My legs were cooperating but they were now very sore and I knew that I was not going to be able to push the pace during the last few miles, as I had hoped. The road started to tilt upwards and I sensed the race and my goal time slipping away from me. My legs really started to hurt. I ran easy up the hill and back down the other side. At the bottom, I checked my watch again and saw that I had now conceded over six minutes on my goal pace time.

The end was near though and I had to push on. With a bit of luck and a slight burst of speed, I could still try to come in under 95 minutes, That would be a very good time for a very difficult course on a very hot day. I completed Mile 12 and was concentrating on nothing else but crossing the finish line. I found that, in doing so, my pace had picked up somewhat and I was running hard again. My legs, however, objected to this increase in speed. Several meters past the Mile 12 marker I began cramping again and, once more, had to stop. This time it was more difficult to relax the cramps. I stretched for a minute or two and started running again very, very slowly. I was inside the last mile but there was no strength left in my legs. It felt like I was moving and yet it seemed that I was staying in the same place. I could see the finish line and yet it seemed that I was not drawing any closer to it. The sweat just kept pouring out of me, cleansing the inside.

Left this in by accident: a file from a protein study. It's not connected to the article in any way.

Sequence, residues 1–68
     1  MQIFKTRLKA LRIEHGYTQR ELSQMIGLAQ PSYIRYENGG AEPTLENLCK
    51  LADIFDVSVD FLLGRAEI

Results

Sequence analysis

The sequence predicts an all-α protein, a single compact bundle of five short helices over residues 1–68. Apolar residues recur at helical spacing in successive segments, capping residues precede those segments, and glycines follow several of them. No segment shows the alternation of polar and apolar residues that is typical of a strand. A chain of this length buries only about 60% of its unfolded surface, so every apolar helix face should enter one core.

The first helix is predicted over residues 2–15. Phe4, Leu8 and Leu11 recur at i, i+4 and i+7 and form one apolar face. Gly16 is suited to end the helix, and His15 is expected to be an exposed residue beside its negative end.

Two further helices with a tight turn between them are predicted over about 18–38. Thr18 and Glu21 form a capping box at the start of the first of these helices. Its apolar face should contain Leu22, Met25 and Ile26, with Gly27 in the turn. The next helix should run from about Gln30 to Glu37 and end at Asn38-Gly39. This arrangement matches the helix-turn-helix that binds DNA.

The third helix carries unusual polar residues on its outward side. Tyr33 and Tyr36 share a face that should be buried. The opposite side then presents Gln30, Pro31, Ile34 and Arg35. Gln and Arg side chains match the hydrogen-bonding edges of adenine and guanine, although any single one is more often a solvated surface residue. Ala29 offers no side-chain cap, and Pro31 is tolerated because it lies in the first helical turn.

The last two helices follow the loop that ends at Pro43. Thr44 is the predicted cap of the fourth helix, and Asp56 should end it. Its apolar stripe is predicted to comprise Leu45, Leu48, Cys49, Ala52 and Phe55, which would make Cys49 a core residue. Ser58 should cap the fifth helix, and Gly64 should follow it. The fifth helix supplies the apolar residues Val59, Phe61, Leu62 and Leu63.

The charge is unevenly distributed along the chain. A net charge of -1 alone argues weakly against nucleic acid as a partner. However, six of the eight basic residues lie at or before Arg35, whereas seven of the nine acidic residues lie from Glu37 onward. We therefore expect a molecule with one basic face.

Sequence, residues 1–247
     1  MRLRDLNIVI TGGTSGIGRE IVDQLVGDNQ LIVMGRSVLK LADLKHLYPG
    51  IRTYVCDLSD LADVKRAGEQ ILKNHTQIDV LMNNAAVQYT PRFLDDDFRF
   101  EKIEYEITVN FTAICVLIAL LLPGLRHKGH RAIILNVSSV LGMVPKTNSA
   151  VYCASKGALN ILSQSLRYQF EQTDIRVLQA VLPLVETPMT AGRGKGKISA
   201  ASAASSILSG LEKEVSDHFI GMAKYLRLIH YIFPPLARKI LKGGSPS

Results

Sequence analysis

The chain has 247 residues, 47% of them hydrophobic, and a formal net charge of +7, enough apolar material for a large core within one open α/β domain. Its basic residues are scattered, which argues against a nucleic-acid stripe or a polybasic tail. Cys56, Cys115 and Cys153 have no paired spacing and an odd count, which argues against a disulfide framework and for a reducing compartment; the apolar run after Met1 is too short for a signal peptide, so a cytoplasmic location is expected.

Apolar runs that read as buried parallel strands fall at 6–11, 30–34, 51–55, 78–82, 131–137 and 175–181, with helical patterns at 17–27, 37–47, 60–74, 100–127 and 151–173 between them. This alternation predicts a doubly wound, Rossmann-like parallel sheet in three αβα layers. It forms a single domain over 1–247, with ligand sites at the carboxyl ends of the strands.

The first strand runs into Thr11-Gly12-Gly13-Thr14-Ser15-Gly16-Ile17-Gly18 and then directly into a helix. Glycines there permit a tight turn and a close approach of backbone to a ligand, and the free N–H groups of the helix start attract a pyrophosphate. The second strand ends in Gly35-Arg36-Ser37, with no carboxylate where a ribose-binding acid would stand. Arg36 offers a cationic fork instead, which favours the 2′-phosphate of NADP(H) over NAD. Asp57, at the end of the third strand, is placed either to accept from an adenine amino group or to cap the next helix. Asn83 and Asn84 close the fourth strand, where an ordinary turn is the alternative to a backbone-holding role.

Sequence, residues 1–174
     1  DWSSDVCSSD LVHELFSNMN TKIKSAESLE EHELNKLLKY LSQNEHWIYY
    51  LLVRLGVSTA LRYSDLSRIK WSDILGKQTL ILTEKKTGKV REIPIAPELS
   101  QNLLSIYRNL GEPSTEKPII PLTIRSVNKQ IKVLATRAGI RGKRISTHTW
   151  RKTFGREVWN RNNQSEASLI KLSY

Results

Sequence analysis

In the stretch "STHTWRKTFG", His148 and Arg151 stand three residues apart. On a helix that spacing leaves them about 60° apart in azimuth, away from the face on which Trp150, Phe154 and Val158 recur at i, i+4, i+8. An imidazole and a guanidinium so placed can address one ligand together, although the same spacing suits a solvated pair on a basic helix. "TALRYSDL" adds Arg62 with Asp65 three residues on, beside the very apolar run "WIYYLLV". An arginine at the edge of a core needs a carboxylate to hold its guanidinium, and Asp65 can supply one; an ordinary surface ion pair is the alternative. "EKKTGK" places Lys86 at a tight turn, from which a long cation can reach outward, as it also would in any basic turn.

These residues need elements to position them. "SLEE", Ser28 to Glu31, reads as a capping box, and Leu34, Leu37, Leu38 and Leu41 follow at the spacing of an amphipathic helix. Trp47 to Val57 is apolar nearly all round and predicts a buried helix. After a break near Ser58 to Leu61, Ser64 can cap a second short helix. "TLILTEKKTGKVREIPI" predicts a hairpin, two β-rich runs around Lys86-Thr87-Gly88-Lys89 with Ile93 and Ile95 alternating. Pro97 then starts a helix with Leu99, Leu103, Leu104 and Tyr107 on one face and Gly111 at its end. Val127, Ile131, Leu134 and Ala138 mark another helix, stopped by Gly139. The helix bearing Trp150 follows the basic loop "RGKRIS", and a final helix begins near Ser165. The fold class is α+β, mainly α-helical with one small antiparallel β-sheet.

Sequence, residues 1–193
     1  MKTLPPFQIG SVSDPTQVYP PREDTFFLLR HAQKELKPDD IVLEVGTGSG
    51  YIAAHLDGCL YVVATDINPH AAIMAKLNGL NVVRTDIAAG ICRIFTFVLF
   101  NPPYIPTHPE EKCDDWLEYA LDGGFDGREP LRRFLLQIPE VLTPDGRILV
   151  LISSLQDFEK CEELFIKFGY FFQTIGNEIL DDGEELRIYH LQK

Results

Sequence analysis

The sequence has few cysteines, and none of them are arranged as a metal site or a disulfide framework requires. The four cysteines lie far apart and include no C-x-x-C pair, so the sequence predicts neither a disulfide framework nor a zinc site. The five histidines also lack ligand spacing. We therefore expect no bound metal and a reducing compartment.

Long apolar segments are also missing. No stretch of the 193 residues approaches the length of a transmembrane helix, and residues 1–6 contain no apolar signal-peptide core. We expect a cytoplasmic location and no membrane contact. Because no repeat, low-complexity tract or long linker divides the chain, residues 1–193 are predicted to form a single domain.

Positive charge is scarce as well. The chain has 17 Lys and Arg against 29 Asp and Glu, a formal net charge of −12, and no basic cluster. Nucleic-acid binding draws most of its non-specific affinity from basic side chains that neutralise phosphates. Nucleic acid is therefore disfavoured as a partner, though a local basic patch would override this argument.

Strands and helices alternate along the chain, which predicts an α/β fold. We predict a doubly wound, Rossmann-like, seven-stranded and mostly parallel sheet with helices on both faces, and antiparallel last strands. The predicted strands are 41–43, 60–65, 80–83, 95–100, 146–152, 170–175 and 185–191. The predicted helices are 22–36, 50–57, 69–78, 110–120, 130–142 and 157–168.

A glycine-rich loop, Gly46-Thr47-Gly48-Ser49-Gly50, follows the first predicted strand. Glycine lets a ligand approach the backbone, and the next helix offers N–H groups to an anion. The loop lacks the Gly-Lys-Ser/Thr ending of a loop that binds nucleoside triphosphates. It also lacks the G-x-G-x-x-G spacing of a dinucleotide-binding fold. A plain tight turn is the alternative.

In the end, I crossed the line in 1:39:20. A good time, but far short of the goal that I had set for myself. I finished 53rd overall (out of 815 finishers) and eighth in the Male 40-44 age group (out of 41 finishers), which are both very respectable. It’s a result that I wish was better but I can accept it. I have learned from the race and am one step closer in the constant process of understanding what I can and can not do. Adjustments will be made and I shall be back to fight another day.

Digital Kicks 050 – The ‘Pure Imagination’ Mix

Hold your breath. Make a wish. Count to three…

With this mix, the Digital Kicks musical journey is coming to a close. After fifty episodes, I have decided that it is time to move on. From the very first mix I did in a plane, traveling from Madrid to Dublin in March 2006 all the way through to this month’s ‘Pure Imagination’ mix, I have thoroughly enjoyed listening to,  compiling, recording and posting all of my favourite tunes from each month’s new batch of music.

Fifty is a milestone, so I figured now was a good time to change direction. But, fear not faithful listeners, because I am going to begin a brand new series of podcasts next month and embark on an entirely new musical journey. And you will all be invited.

In the meantime, come with me and you’ll be in a world of pure imagination, as we listen to this month’s mix and the very last Digital Kicks.

The tracklisting is:

01. Pure Imagination – Willy Wonka
02. Spacelab – Kraftwerk
03. Good Life (7″ Edit) – Inner City
04. The Light – Common
05. A Love Bizarre (Single Edit Version) – Sheila E ft Prince
06. Maniac (Instrumental Version) – Michael Sembello
07. You Came Out (Album Version) – We Have Band